Friday, January 4, 2008

Burmese living on the edge, 60 years after independence

By South-East Asia correspondent Karen Percy
Soldiers stand behind a barricade in Rangoon

Soldiers were brought in to put down pro-democracy protests, killing anywhere from 30 to more than 100 people in the process. (File photo) (Reuters: Democratic Voice of Burma)

January 4 marked the 60th anniversary of Burma's independence from Britain.

Once the shining light of South-East Asia, decades of oppression have left it a devastated country with military rule bringing little else but violence, poverty and displacement to its people.

Locals of one small Burmese town on the Thai border say they have no water and no electricity.

Foodstuffs are scarce on the other side of the Moei River, and so they spend the day crossing in and out of Thailand under the watchful eye of soldiers.

All along this part of the river, boats come and go all day, ferrying people and goods across the border.

Professor David Steinberg, a specialist on south-east Asian politics from Georgetown University in the US, says the military is still driving the country, 46 years after taking control.

"The complete control over that economy, that political process, social mobility in the society is all dependent now on the military," he said.

"The military was important at the beginning but they are now virtually a state within a state."

Over the decades, more than with million Burmese have fled their homeland, crossing mountains or rivers to escape poverty and persecution.

Many of them live in Thailand but for those who escape, life is just as uncertain in many ways as those who remain.

The students at one school in Mae Sot are mostly ethnic Karens from Burma, but each day they raise the Thai flag and sing the Thai anthem.

Their loyalty to this new country will be tested if they leave school or when they have completed Year 12, because then they have no status in Thailand and may be forced back to Burma.

"We want our country to be like other countries so we can live peacefully and people do not threaten us, just stay in our own place with democracy," said a student from the school.

The mountains along Thailand's western border are home to more than 140,000 Burmese refugees.

Many have been here for close to 20 years, since the last attempt to rise up against the junta.

They still hold out hope that they will return. The recent unrest, though, has brought more refugees over the border.

Their numbers are small but they share a common bond. Many of them are monks who participated in last year's protests against the Government.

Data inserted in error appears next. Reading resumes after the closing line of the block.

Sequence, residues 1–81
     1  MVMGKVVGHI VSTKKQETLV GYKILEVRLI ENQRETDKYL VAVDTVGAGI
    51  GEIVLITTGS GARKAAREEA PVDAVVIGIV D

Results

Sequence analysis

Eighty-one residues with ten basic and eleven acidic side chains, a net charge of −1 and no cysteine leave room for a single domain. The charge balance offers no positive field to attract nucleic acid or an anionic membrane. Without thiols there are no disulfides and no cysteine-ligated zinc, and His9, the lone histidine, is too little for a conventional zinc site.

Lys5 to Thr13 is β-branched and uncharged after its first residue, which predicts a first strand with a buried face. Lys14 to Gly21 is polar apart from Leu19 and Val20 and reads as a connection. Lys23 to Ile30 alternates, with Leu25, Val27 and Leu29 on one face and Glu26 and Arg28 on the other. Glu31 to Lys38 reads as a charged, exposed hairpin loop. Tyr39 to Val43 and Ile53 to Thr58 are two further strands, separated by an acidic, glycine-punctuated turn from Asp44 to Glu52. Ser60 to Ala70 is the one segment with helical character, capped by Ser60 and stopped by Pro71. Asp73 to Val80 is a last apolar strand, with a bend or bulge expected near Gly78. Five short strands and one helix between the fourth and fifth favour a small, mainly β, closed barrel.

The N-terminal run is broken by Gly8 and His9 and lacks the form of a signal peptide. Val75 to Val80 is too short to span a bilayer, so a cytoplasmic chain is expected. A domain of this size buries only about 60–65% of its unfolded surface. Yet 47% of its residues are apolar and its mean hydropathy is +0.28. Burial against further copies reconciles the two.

Challenging the junta

"If I go back to my country now, I would surely be sent to the prison and disrobed, so I dare not return to my country now," one monk, who does not want to be identified, told the ABC.

He fled his Rangoon monastery just days after the crackdown, after taking part in pro-democracy protests.

"After the soldiers threw tear gas, I saw with my own eyes that monks and students were being beaten and arrested," he said.

But the monks' movement was short-lived. The junta sent in the troops to put down the unrest, killing anywhere from 30 to more than 100 people in the process.

Charles Petrie, an official with the United Nations, describes the monks' repression as "traumatic".

"The monks are a pillar of the beliefs in society, for the security apparatus to turn on the monks as violently as they did, I think, does introduce an element of trauma and shock that will take a long time to heal," he said.

Until November, Mr Petrie was the most senior officer for the United Nations inside Burma. He was expelled for criticising the junta.

Over four and a half years he watched the generals isolate themselves further from the world and he saw the people struggle.

"The monks articulated that message because they see it. I mean, they are dependent on alms to meet their own everyday needs," he said.

"I think they were seeing that people are increasingly unable to provide for them, but then they were also seeing that a greater number of children were coming into the monastic schools and that's because families could not afford any other form of education."

Costs have risen and humanitarian agencies report that the junta is now providing even less for health and education, despite multi-billion dollars in revenue from its national energy sector.

A changed nation

Burma today is a very different country to the one that had so much promise when the British walked away 60 years ago.

In those early years of independence, Rangoon was seen as a sophisticated city. Burma was often described as the rice basket of Asia, with great natural resources.

But the optimism that independence brought was short-lived. Democracy struggled and the military took power in 1962 and has never looked back.

"If anybody had said that Bangladesh was going to be better off than Burma, they would have been laughed out of the room," said Professor Steinberg.

"That Laos was going to be better off than Burma - [it was] impossible to even consider such a circumstance."

The military junta was challenged in 1988 by a pro-democracy movement led by Aung San Suu Kyi.

The junta has put her under house arrest for 12 of the past 18 years.

Despite demands for her release from protesters and the international community, she remains locked behind the gate of her Rangoon home by a military unable, or unwilling, to accept change.

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